Brett Favre is never short on verbiage, but he had a couple of interesting answers during an interview with his former quarterbacks coach from their early days in Green Bay, Steve Mariucci, now of NFL Network.

Last year, Childress considered benching Favre on a couple of occasions, so what is their relationship like this year?

"About the same (as last year). A lot has been made of it. I think a lot of it has been blown out of proportion," Favre said. "Brad's a good guy. My dealings offensively are with Darrell Bevell, offensive coordinator. It's a good relationship. I have no problems with Brad."

Last Sunday, Favre threw for a career-high 446 yards and led the Vikings on their biggest fourth-quarter comeback in franchise history, leading the offense to two touchdowns in the final four minutes.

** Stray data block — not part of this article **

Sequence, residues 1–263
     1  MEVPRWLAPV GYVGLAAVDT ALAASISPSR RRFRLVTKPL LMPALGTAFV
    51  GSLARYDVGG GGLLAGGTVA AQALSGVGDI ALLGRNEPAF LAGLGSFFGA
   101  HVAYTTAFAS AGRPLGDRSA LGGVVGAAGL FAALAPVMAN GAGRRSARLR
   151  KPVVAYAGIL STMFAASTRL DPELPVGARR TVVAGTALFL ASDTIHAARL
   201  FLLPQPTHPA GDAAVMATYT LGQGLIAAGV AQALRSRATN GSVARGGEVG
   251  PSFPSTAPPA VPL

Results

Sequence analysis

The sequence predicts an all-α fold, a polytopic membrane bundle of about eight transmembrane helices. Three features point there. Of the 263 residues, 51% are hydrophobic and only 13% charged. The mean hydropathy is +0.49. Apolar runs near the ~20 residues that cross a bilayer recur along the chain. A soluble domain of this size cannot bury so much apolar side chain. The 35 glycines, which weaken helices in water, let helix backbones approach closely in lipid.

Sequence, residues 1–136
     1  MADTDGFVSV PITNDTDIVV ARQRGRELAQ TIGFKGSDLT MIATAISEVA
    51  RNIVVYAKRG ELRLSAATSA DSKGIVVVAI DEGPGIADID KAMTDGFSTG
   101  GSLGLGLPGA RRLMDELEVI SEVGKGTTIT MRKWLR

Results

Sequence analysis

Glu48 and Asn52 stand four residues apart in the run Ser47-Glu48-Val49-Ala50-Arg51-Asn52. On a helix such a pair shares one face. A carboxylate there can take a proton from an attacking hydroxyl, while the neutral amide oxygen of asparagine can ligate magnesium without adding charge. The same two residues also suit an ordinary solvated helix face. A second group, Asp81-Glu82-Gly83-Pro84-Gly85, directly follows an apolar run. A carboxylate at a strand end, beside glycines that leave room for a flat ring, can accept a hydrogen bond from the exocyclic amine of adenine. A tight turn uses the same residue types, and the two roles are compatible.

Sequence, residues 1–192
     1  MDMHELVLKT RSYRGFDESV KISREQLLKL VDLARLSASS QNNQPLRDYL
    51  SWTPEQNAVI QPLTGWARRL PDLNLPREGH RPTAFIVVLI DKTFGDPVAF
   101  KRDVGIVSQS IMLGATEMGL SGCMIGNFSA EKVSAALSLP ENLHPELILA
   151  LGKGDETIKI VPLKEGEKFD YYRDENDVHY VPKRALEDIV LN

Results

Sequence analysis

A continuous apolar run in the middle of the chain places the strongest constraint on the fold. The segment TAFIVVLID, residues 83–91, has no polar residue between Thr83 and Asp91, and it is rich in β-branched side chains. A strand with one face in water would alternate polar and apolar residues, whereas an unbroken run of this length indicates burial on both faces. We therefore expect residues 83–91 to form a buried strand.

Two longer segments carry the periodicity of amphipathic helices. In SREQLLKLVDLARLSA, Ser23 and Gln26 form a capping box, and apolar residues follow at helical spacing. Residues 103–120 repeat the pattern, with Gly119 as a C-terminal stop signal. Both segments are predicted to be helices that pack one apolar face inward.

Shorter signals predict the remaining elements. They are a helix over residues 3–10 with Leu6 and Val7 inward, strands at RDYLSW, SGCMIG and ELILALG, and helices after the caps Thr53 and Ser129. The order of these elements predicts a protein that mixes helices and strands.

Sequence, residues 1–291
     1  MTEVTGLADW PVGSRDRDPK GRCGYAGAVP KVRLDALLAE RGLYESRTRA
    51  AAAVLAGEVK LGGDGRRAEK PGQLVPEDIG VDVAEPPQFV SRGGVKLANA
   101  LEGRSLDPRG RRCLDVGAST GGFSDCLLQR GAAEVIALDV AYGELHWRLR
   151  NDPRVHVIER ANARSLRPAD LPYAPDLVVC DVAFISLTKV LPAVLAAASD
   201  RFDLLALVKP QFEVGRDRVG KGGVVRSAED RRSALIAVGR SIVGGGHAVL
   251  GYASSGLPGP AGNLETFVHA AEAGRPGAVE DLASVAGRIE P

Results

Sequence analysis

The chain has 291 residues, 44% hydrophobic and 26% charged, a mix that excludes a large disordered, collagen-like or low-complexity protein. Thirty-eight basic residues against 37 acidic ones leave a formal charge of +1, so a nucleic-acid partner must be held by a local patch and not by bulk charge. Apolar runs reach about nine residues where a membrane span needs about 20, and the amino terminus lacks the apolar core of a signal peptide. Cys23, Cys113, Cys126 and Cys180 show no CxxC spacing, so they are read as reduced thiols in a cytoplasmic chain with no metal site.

"It's got to be top five and it has nothing to do with the amount of yardage even though that's the most yardage I've ever thrown for," Favre said.

He also said he hasn't heard a word recently on the NFL's investigation into allegations that he sent inappropriate texts and pictures to former New York Jets employee Jenn Sterger, a potential violation of the league's personal conduct policy. He could face a potential fine or suspension, but he said it hasn't been too tough to deal with.

"Not that difficult. Our season has been a struggle. As I've said before, let the league do its due diligence and in the end that will sort itself out," Favre said.


  • Starting center John Sullivan left the game during the Vikings' first offensive series with another calf injury. "He kind of felt something pop in there and thought maybe he was going to get some back up, but John Cooper jumped in there and did a decent job, I thought," Childress said.

  • Randy Moss will be receiving $500,000 in royalties from the sale of his Vikings and Patriots jerseys this year, despite not be employed by either team in the second half of the season, ESPN's Adam Schefter reported.

  • The Vikings wore their purple pants for the second consecutive game, but this time they had the predominately white jerseys.